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Engagement Killers #2: The Many Faces of Workplace Violence

 Long ago, (1976), and far away, (central New Jersey!), Josephine had finally had it with what was going on around her. Normally she was far from demonstrative, took most things in stride, and did her level best to put forward an image of herself as calm and pleasant. Not this afternoon.

For several months we had been in the process of moving the HR department from one end of the very large building to another. Right now I can’t exactly recall why and the process of moving was not particularly painful. I had been charged with shepherding the construction and logistics of moving to the new space, all of which went very smoothly. At least that’s what I thought until that afternoon.

While the final stages of the move were taking place, we were also managing a new hiring initiative for our plant. We were considered a premier employer in the area and our need for fifteen new people had drawn responses from over two thousand applicants! Without the aid of digitized applications and everything else we take for granted these days, we had a major task just keeping track of everything. We had applications stacked everywhere and Josephine was responsible for the safe keeping of all of them.

Shortly after lunch on this particular day I heard a scream coming from her new work area about thirty feet outside my office and then a muffled crash. I quickly headed for my doorway and as I poked my head into the hallway I could see the source of the crashing noise. Josephine was standing ankle deep in applications with her hands covering her face. She had reached the limit of her tranquil presentation. The move coupled with the confusion of the new surroundings and the added stress of keeping track of all the paper has pushed her right on through calm and pleasant and on into hysterical. Who knew that was hidden just on the other side of her permanently (formerly) placid exterior?

I was told later by her co-worker that Josephine was working with the applications and she began talking to herself out loud, suddenly screamed and then proceeded to sweep the several thousand applications from their neat stacks and into what were now haphazard piles on the floor.

That was it; it was over as quickly as it began. She was duly embarrassed by her outburst. She didn’t say much as we all pitched in and began helping pick up the mess of applications. We didn’t say much either. Back then nobody ever said much about anything that remotely smacked of the personal. Our Christmas lunches were brutal!

Josephine took the rest of the afternoon off and returned the next morning and we never talked about the incident again. I heard recently that she had died in her late forties from complications related to colon cancer.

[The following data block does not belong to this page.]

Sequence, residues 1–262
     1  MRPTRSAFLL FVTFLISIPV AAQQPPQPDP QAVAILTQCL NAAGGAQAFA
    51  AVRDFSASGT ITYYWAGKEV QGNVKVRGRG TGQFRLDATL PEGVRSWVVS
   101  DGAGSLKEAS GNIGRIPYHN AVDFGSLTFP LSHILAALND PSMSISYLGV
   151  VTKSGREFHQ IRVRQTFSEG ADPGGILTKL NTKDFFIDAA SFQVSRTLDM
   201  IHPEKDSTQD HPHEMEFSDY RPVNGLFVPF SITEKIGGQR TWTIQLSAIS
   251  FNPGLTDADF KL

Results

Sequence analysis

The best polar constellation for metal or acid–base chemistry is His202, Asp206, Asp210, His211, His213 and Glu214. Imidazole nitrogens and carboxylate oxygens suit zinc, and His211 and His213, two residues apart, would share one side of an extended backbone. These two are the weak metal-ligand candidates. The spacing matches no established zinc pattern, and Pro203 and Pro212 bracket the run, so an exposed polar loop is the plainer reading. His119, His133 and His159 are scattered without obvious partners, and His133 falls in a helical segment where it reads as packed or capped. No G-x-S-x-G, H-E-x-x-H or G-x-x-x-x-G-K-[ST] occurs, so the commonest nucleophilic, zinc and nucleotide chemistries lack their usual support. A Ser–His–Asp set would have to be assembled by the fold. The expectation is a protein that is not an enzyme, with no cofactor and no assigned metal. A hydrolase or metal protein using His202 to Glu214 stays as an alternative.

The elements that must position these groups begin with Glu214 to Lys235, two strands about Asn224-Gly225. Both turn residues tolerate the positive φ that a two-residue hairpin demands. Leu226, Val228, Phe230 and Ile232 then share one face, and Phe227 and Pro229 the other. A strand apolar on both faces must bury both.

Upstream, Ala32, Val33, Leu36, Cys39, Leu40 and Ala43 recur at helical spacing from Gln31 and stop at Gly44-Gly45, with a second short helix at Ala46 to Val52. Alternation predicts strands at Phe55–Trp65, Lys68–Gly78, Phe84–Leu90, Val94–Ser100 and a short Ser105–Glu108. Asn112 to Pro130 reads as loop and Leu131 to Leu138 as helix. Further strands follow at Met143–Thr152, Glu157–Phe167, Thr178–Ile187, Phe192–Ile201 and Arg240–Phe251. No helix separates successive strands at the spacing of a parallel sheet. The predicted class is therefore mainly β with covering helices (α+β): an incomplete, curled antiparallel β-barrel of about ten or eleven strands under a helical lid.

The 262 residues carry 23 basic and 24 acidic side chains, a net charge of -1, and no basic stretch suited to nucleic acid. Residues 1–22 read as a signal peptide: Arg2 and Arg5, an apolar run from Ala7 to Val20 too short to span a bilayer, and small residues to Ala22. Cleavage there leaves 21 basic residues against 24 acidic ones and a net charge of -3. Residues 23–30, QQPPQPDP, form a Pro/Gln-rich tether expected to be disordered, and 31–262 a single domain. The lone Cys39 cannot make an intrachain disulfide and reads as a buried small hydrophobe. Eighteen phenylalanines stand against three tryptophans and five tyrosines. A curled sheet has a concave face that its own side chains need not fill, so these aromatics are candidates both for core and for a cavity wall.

I’d like to think that if I had another opportunity to revisit those circumstances I might have paid closer attention and noticed her stress level rising, maybe even have somehow saved Josephine from herself. At least I’d like to think so. I’d like to think that these days we are paying closer attention to each other in our places of work, especially now when stress levels are compounded by fear of job loss in so many places. I’d like to think so.

And then a friend sends me the picture you see here on the right. This is not a photo taken at  a meeting, this is a work space occupied by a group of people as you can see, for an extended period … months.

Here’s the note she sent with the picture, it is her workplace.

“You too can work 12-14 hours a day in these luxurious facilities. You just have to meet the following criteria:

  • You have no personal space issues
  • You have no issues of entitlement
  • You have good hygiene”

From the outside this company seems fine; their investors think everything is rosy. My friend has been there for a while and is looking for other opportunities. She says that it’s not too bad, trying to work in these surroundings. I think she has been there too long!

Normally I would now provide you with links to articles that document that workplace violence is on the rise…again this year. But there is little point. The quick research I have done easily revealed several sources citing studies beginning as far back as 2005 reporting annually since then that violence is on the rise in many places of work. Mostly these stories are about vandalism or what one worker did to another, basically stories about what happened after it was too late to make a difference. I didn’t find any story about the violence we do to ourselves by insisting that we put up with unworkability far too long. But then that wouldn’t be sensational.

  • Take a look around you. Do you see someone, anyone who looks like they might benefit from somebody asking how they are doing? Ask them how they are doing; you might save them from colon cancer.

I’d like to think that we would be willing to include the damage people do to themselves as a form of workplace violence.

 

 

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